Montana residents and visitors have new resources highlighting the communities, attractions, events and visitor experiences offered along the Lewis and Clark National Historic Trail. Public Information Officer Daniel Iverson said the Lewis and Clark Trail and its story covers virtually all regions of Montana and offers adventure, natural and cultural history, and a look at how Montana has changed—or not—over the last 200 years:

"The Montana Office of Tourism has partnered with a number of organizations in Montana and the surrounding region to develop some materials to help people take a self guided tour along the Lewis and Clark Trail and see some of the attractions in Montana and along the way," Iverson said. "The trail actually starts in South Dakota, come up through North Dakota, and up into Montana."

Iverson said Montana’s six tourism region organizations, central Montana, Glacier Country, Missouri River Country, southeast Montana, southwest Montana and Yellowstone Country, along with Visit Billings and the Montana Office of Tourism financed and provided direction for the program.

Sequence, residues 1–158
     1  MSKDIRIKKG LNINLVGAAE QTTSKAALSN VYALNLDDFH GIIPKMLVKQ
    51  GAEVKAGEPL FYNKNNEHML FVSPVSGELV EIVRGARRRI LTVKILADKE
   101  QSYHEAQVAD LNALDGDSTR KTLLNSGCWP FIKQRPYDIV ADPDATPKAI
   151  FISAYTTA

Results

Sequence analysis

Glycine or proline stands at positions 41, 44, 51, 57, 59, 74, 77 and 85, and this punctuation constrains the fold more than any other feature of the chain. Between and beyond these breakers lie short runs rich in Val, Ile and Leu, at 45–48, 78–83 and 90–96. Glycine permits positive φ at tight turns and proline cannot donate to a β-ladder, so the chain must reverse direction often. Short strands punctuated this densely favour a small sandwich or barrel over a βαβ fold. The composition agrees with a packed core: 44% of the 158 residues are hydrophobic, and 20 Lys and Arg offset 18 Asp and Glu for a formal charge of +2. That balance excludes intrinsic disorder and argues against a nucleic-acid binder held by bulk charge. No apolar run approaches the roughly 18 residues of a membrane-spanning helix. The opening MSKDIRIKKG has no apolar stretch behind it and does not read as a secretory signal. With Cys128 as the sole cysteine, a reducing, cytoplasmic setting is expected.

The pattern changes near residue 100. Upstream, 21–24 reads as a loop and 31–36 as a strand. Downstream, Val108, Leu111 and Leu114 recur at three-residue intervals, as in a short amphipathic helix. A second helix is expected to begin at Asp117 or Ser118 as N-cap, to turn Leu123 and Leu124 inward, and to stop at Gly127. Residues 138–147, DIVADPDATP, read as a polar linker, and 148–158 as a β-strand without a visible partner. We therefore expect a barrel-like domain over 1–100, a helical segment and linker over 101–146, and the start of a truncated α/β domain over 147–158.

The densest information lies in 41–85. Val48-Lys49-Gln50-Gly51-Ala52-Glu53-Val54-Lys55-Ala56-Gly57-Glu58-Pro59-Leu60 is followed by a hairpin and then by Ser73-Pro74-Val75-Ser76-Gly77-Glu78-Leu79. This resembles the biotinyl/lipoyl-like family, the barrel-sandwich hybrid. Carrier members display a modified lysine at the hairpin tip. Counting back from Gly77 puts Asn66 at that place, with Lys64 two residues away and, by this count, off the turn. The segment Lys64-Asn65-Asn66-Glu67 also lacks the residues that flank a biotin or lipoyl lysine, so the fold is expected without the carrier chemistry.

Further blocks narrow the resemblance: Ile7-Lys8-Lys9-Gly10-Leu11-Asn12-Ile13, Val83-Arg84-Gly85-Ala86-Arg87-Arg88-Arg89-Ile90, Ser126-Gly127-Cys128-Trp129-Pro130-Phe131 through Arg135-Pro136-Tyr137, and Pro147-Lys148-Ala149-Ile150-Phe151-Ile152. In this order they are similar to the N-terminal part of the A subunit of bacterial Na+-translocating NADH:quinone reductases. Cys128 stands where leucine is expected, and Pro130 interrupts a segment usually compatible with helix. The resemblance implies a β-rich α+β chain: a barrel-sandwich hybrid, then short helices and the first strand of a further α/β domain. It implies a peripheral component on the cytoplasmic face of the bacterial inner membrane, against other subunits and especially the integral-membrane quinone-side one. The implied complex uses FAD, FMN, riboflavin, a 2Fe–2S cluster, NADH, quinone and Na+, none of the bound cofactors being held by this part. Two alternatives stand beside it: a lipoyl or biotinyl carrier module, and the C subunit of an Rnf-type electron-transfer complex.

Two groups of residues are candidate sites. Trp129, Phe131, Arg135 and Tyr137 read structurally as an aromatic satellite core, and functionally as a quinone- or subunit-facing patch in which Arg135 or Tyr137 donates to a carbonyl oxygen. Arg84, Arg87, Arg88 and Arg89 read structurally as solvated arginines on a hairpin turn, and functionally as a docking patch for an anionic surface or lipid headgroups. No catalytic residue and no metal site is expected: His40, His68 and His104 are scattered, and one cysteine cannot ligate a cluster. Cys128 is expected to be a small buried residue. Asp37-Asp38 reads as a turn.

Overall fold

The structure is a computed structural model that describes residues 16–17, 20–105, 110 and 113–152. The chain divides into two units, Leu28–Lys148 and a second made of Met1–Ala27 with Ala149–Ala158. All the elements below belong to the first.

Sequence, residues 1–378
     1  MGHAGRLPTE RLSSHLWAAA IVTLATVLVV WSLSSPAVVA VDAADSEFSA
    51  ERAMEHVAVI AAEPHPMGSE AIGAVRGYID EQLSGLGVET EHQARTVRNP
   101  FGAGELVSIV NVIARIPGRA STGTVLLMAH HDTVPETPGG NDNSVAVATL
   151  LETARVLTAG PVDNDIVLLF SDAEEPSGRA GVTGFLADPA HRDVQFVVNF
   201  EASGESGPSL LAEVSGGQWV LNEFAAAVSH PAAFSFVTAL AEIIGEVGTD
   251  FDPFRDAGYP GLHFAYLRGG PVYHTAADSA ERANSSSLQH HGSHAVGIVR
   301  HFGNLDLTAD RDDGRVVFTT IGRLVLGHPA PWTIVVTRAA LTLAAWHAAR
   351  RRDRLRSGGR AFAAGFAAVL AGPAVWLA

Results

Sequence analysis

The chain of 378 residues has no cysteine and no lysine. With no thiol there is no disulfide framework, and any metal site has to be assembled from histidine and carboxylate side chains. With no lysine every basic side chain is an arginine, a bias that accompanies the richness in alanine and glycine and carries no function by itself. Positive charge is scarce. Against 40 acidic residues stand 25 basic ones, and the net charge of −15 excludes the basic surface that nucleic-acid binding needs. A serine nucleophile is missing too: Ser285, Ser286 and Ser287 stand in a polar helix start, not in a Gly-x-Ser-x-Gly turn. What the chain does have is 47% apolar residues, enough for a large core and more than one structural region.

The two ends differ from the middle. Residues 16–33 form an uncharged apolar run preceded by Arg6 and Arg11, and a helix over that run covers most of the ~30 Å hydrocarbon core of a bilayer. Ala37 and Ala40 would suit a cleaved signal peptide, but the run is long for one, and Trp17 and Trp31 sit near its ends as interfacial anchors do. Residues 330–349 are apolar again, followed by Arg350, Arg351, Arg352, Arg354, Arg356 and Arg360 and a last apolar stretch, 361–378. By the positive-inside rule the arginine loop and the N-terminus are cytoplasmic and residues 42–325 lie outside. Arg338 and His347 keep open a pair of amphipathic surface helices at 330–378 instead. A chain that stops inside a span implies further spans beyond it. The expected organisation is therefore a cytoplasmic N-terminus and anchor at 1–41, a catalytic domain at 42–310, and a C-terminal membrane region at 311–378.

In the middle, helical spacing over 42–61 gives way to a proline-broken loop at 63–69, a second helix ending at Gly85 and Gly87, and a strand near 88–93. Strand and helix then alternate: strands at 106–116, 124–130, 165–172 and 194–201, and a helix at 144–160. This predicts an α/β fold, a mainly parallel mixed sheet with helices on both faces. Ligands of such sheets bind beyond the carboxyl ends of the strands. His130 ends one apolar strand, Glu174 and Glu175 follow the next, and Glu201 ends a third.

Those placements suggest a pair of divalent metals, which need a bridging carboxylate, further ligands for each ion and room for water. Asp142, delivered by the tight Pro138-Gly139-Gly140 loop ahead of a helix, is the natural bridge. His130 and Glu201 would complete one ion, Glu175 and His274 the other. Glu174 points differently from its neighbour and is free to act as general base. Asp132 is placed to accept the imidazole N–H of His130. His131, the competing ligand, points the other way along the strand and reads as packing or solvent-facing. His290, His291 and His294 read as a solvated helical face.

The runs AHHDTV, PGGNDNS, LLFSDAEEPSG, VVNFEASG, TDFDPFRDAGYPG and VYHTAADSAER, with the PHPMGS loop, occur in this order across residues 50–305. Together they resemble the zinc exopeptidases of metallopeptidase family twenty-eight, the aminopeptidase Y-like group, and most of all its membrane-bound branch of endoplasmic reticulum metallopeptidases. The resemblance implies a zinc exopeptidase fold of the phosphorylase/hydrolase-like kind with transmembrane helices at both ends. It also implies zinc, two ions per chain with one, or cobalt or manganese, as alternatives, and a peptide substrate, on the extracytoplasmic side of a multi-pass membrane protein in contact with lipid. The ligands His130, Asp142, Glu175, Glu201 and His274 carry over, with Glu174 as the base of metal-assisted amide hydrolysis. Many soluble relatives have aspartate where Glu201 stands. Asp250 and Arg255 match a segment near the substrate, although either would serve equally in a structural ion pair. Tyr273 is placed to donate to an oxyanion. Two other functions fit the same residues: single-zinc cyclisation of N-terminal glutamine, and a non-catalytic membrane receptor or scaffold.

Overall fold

"We saw last year that about 12 percent of the people who visited Montana in 2013 said that an interest in Lewis and Clark history was the reason that they were coming to Montana," Iverson said. "About nine percent of the people who visited last year actually did visit Lewis and Clark sites while they were here. It's a big draw for tourists and definitely an opportunity for us to get people to come to the state and spend more money."

Other project partners include the National Park Service, the Lewis and Clark Trail Heritage Foundation, and the North Dakota and South Dakota state tourism programs.

Free self-guided vacation adventure maps are available online at the Lewis and Clark Trail website.